Slowly add the dry ingredients to the wet ingredients a few tablespoons at a time and mix in until fully combined.  I used my hand mixer.

Stir in the cooked Quinoa and chocolate pieces to the cake batter and fold in until just combined.  These cakes are a great way to use up any left over Quinoa.

Pop small dollops of the dough onto your baking trays, I prefer to brush a smear of  butter over mine for biscuits or cookies, a tablespoon or teaspoon size whichever you prefer and flatten down a little.  Space evenly apart.

Bake at 180°C/160°C fan/gas 4 for about 12-15 minutes until the edges of the cakes are slightly browned.

Cool for a few minutes before transferring onto a wire rack.

I would normally use 70% dark chocolate in my recipes but I’m linking this post up to We Should Cocoa – The January Challenge where our remit was to come up with something that contains chocolate but is sugar-free including the chocolate. 


Nutritional Info:

Quinoa – The Mother Grain

With the Christmas festivities and New Year celebrations behind us I can put away my baking tins for a bit and concentrate on healthier fare.

I’ve been using Quinoa for a good couple of decades now, it was a great little find back then when Mr ND became a vegetarian and a great source of non-animal protein for him.  I have a lot of staple family recipes that I have used over the years and Quinoa has proved a great addition to both my children’s diets too. 

Simply adding a heaped tablespoon of cooked Quinoa to established dishes like chilli or casseroles will give an extra nutritional boost.  Or add to porridge for breakfast for extra protein.   As cooked Quinoa will last in the fridge for a few days, you can boil some up and use daily as needed.

cooked Quinoa – plain and simple!

Quinoa is a nutrient-rich high protein superfood containing complex carbohydrates.  It is easily digested, high in soluble fibre and very versatile and as 2013 has been declared International Year of Quinoa by the United Nations to recognise the nutritional, ecological, and economic benefits of Quinoa I shall be endeavouring to post a weekly Quinoa Recipe from our kitchen.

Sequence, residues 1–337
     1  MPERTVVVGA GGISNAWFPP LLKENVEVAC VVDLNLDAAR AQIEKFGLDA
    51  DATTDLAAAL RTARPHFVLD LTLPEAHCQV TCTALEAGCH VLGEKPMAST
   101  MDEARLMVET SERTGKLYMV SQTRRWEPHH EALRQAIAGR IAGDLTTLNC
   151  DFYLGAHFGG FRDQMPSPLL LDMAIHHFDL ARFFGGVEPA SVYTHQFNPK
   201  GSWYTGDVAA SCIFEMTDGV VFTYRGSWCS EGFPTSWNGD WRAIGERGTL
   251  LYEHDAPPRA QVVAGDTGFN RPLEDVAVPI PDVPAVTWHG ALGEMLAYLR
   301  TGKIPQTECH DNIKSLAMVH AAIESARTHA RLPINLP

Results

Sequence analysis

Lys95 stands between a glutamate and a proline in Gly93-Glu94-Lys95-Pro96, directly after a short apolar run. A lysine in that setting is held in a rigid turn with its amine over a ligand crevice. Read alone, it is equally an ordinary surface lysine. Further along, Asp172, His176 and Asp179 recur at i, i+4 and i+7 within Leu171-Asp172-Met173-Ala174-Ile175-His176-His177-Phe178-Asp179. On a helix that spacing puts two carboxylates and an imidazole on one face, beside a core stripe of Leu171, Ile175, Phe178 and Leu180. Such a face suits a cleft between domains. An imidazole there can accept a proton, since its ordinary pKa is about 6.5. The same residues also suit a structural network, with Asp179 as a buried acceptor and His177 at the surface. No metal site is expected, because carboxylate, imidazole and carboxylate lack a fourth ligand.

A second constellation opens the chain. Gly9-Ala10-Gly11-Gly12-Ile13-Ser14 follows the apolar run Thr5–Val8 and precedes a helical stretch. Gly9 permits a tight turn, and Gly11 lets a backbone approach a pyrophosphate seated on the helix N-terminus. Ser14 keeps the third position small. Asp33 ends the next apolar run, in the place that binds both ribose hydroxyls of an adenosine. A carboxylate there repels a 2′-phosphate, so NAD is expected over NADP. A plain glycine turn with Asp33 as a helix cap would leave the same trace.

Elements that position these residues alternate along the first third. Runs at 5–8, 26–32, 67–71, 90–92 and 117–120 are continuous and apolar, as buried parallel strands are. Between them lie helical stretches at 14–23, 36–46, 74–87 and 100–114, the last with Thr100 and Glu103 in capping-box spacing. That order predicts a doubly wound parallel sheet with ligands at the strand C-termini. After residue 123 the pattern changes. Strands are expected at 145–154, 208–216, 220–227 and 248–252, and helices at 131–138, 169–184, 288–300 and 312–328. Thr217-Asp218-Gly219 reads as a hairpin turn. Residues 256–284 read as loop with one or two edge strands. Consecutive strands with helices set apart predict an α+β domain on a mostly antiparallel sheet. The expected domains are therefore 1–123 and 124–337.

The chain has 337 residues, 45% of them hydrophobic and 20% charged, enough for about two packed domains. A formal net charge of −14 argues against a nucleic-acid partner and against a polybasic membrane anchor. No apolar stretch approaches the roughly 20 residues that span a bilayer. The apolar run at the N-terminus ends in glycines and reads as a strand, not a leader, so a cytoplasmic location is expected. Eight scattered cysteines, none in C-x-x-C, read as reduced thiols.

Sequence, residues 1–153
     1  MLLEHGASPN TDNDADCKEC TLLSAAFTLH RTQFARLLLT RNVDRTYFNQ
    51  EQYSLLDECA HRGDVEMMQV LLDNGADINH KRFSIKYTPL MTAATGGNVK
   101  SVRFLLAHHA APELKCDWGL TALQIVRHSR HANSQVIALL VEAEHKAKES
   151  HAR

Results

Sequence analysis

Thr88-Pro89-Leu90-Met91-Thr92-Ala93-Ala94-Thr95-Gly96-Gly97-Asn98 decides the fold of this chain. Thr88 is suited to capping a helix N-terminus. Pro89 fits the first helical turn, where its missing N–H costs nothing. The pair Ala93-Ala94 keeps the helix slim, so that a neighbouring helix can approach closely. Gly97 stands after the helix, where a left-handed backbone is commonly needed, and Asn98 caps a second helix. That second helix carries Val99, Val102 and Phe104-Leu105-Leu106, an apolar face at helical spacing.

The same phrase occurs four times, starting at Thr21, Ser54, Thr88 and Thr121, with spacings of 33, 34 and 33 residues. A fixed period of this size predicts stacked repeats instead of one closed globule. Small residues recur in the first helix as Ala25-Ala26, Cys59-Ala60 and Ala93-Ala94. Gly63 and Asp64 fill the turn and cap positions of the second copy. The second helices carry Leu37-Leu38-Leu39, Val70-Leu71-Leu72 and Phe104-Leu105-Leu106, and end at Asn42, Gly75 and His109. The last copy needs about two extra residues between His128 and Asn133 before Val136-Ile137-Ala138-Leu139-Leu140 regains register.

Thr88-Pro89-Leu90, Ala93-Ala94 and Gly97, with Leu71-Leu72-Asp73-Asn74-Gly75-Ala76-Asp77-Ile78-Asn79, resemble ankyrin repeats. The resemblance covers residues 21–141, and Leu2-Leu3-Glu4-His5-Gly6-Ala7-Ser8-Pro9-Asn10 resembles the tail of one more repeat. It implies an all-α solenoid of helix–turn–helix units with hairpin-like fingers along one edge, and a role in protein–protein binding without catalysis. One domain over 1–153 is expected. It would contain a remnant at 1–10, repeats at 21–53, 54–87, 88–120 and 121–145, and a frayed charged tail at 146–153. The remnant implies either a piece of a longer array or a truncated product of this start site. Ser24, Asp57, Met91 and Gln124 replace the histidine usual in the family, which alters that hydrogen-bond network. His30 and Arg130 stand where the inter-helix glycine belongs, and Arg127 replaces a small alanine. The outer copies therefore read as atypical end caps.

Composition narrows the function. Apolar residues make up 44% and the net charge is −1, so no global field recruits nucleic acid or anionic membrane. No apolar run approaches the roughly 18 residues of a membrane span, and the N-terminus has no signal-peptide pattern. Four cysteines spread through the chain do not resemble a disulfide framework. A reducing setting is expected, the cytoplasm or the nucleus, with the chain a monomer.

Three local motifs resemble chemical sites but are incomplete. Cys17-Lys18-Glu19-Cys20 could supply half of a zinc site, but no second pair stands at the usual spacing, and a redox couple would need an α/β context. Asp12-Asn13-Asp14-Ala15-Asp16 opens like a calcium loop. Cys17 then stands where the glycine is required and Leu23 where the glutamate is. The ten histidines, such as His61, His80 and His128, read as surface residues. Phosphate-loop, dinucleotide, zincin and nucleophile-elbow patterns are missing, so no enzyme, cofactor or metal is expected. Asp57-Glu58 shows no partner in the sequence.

Quinoa, pronouced keen-wa (it will always been quin-o-a to me as no-one knew how to pronounce it back then so it has stuck!), was called the “mother grain” by the ancient Inca’s.  It is actually a seed rather than a grain and unlike rice or wheat is a complete protein containing all 8 essential amino acids.  It is amazingly full of vitamins and minerals which you can see listed below and to those who are gluten-intolerant or avoiding gluten as I do at times, it is completely gluten-free.  The pre-biotic nutrients in Quinoa also help to feed the good pro-biotic bacteria microflora in our intestines. 

Other health benefits of Quinoa include assisting weight loss and building muscle.   It can help with diabetes as it has a low glycemic index and is a complex carbohydrate, sugars digest slowly which can maintain correct insulin levels.  Quinoa promotes cardiovascular health and effective in the prevention of clogged arteries and many more health concerns.  This truly is an amazing seed!

Nutritional Info:

Calcium, Iron, Potassium, Sodium, Zinc, vitamins B1, B2, B3, B5, B6, B12, E, Folate, Magnesium, Phosphorus, Isoleucine, Serine, Proline, Glycine, Glutamic, Aspartic acid, Alanine, Histidine, Arginine, Valine, Manganese, Copper, Threonine, Phenylalanine, Leucine, Lysine, Methionine & Tyrosine.